Annabel Langbein's baking magic (+ recipes)
Leaving behind the freedom of the summer holidays for the routines of a new year back at work and school is never easy. But coming home and baking brings a collective feel-good mood to the house, and makes people feel reassured that home is home.
And, even better, there will be treats for the lunchbox and after-school snacking that are made with ingredients you know, and that taste better and cost a lot less than anything store-bought.
My entry to the kitchen as a preschooler started with baking. Actually it was all about waiting for that moment when the mixture had been dispatched to tins and trays and I got to lick the beater.
I'm sure that's how it starts for many a child who has a parent, grandparent or older sibling who likes to bake. Before you know it, you're in there, mixing dough, rolling biscuits and putting things into the oven. The house fills with warming, lip-smacking aromas and voila! Just like that you're cooking and everyone thinks you're incredibly clever.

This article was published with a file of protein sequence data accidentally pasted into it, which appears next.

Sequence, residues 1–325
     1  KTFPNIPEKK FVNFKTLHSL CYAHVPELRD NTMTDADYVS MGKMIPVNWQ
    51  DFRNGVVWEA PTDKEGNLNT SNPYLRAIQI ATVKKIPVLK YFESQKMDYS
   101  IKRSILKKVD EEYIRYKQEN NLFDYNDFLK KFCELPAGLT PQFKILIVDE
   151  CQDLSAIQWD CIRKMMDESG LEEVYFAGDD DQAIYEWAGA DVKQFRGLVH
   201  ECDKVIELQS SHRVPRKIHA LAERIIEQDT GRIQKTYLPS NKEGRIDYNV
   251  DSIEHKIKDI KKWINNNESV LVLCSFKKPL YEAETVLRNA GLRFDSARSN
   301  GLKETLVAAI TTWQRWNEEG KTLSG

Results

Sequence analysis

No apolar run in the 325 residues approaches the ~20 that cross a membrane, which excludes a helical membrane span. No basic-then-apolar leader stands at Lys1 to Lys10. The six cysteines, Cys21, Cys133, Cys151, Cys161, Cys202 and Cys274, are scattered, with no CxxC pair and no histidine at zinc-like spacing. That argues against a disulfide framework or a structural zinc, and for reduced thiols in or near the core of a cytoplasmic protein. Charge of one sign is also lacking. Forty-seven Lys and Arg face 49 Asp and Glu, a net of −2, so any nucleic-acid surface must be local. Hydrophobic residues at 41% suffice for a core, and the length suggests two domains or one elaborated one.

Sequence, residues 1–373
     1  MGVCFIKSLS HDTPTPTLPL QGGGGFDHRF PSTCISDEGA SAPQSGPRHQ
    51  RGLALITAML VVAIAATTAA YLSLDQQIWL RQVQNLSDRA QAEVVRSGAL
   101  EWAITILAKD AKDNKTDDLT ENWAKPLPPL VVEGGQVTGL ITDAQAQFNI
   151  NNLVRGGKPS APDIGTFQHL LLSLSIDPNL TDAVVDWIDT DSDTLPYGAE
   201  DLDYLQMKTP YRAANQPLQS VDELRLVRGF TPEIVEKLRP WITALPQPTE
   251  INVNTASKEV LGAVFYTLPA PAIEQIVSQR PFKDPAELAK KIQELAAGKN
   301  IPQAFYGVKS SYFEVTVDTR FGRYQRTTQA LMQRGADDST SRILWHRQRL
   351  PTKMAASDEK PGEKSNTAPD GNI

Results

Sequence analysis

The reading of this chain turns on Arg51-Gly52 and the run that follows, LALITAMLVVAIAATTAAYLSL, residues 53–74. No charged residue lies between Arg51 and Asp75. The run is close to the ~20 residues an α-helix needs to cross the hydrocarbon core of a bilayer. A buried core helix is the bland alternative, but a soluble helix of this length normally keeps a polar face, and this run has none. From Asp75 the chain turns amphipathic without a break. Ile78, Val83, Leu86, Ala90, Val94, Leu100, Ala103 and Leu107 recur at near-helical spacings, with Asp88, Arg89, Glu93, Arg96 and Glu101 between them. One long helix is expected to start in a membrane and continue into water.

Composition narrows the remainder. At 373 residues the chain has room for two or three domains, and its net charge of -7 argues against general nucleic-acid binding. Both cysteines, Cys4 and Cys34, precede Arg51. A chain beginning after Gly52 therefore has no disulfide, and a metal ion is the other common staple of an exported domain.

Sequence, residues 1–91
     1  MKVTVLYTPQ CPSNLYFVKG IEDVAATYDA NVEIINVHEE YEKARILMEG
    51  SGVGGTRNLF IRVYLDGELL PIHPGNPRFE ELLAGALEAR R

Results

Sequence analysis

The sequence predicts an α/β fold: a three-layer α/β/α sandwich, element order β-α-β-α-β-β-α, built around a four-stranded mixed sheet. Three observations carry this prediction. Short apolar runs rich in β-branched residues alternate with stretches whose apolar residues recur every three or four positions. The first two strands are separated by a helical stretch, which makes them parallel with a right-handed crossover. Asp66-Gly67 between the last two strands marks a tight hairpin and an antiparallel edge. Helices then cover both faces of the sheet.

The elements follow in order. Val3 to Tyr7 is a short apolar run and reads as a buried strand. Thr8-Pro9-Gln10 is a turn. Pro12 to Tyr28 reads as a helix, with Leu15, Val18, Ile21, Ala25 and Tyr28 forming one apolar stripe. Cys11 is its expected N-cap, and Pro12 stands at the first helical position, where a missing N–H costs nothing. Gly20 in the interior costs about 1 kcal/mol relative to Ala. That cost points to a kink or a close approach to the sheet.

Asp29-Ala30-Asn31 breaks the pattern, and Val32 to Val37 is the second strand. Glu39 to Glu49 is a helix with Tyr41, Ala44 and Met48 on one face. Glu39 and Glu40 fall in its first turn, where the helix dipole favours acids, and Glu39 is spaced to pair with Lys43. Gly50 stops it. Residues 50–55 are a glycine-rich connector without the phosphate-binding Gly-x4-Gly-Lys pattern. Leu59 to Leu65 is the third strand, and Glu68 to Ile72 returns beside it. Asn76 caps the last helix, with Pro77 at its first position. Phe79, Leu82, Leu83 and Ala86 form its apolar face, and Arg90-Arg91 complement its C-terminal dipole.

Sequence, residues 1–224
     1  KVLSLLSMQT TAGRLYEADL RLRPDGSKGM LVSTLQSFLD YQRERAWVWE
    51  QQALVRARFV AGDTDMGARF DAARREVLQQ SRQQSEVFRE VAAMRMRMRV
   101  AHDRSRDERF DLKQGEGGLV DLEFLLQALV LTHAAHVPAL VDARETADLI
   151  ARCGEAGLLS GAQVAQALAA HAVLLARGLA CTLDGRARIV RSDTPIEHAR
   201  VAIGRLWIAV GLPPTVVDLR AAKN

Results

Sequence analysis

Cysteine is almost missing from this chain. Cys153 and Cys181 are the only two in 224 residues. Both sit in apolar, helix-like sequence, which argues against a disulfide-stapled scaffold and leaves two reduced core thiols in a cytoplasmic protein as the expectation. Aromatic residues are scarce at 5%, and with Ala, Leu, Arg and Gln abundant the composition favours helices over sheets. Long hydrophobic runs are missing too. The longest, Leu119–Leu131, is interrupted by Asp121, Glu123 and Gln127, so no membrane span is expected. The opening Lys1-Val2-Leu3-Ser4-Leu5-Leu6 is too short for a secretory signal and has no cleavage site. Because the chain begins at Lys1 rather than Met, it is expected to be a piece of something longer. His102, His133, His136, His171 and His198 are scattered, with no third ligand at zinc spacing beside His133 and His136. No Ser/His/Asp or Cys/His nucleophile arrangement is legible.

At heart I'm still a baker. It's the smell more than anything, a warm, toasty, sweet aroma that makes you feel safe and grounded. I'm not alone here. Research has shown that the aroma of baked goods is the number-one smell that makes people nostalgic for their childhood.
There is certainly something calming and reassuring about working with simple ingredients and engaging in the easy rhythms of whisking, beating and folding. Many of us spend much of our working day occupied with our left brain, so baking provides a balance, activating our right brain and our creativity.
When things feel like they aren't going my way or if I'm feeling fragmented, I get into the kitchen and bake. In this simplest of ways I can stay present and focused, and at the end there is something delicious to share that makes everyone feel good.
A tender shortcrust base topped with a layer of rich berry tang and a crisp coconut meringue topping - this is one slice that never goes out of fashion. Get the recipe
What kid doesn't love animal biscuits? The homemade ones are such fun to create - let the kids have a go at decorating them if you dare. Get the recipe
This recipe is so simple my kids have been making it since they were toddlers. You can change the flavours - instead of cocoa add chopped dried apricots and ice with lemon icing. Get the recipe
For more great Annabel Langbein recipes see her new winter annual Annabel Langbein A Free Range Life: Share the Love (Annabel Langbein Media, $24.95) or visit annabel-langbein.com.